Return to in-person instruction
On March 30, many schools across Oakland reopened for part-time in-person instruction, and next week, all OUSD schools will have part-time in-person classes for students in TK through 6th grade and prioritized groups in 7th through 12th whose families have chosen to participate.
I was glad to be able to welcome some students back at a few campuses before Spring Break, and look forward to seeing more students at more schools in the coming days. I am very grateful to the tremendous effort by principals, teachers and school staff to make this process work as smoothly and safely as possible.
At the same time, I know the limited hours and staggered reopening dates are frustrating for many families. We arrived at this plan based on the need to maintain the current distance learning schedule and groupings, since a little less than half of families chose to stay entirely with that model, while also wanting to add some in-person instructional time where teachers would be working with just the in-person students. This schedule was a way to keep teachers focused at any one moment either entirely on students online, or entirely on in-person students, but never having to juggle both at the same time, as well as to prevent the disruption of reassigning students to new teachers at this point in the school year.
Welcoming students back at Sankofa United
The process of returning to classrooms will bring up feelings both of joy and disappointment, relief as well as trepidation, and I have heard from people with very strong feelings on all sides of the issue. I hope we can all remember that despite the disagreements, people are doing their best to follow rules and procedures that have changed frequently over the course of the past year, and understand that different people have very different lived experiences of the pandemic. Despite our differences, let's try to go through this process with as much patience and grace as possible, not least because our students are watching how we handle this stressful transition.
Last week, the Governor announced that he expected all schools in California to be open full-time in-person in the fall. Oakland Unified is also looking into the option of continuing to offer a distance-learning-only option in the fall for families who are not comfortable yet with in-person instruction.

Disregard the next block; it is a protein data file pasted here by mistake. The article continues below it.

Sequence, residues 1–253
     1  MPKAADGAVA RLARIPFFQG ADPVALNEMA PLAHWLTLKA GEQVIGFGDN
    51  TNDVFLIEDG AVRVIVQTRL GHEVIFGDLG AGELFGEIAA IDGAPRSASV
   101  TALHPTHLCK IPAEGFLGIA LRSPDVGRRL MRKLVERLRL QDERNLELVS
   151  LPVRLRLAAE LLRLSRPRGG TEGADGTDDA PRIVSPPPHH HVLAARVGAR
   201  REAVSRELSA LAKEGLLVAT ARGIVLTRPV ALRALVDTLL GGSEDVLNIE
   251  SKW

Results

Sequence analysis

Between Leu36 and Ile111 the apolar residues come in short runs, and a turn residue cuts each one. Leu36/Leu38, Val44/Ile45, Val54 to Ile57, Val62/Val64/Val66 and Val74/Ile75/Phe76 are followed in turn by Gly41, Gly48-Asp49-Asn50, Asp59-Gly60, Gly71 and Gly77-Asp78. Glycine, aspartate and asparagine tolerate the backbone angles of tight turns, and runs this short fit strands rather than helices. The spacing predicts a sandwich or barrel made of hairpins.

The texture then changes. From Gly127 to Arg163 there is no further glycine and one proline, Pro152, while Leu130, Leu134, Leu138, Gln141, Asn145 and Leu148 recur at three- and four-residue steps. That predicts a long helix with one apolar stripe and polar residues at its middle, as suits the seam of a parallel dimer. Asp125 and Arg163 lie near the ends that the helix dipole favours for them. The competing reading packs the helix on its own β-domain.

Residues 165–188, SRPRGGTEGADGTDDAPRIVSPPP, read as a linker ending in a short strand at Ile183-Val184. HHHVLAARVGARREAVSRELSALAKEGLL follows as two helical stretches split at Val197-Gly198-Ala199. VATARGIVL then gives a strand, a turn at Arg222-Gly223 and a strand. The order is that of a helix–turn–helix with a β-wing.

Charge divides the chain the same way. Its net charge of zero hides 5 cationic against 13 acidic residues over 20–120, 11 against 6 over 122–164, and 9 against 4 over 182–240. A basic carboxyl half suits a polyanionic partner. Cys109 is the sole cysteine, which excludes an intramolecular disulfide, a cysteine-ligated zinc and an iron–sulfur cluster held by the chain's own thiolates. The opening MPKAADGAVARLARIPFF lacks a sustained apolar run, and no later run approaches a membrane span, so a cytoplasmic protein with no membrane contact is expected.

All California residents ages 16 and over will be eligible for vaccination starting on Thursday, and it is likely that eligibility will expand to 12- to 15-year-olds in the late summer.
There has been much discussion as to whether OUSD middle and high schools will use a quarter system or semester system next year. There will be a family engagement meeting on Thursday evening, April 15, at 5:30 pm on this topic. Here is the Zoom link for that meeting.
On the question of statewide testing, the state of California is allowing districts where SBAC testing is not viable this year due to the pandemic to use local assessments instead. The phrase 'standardized testing' loses its meaning when every student's distance learning environment is so different, and this year has been anything but standard. Oakland Unified is exploring whether we can use our existing testing system that we are already using to track student learning this year (such as iReady and Math and Reading Inventory) to satisfy the state requirements, instead of using precious learning time this spring to undertake the extensive SBAC testing process.
Pandemic relief funding
Oakland Unified is expecting to receive substantial additional one-time state and federal funds to help with next year's process of readjusting to in-person instruction, as well as with supporting students to catch up on material they may not have learned during crisis distance learning.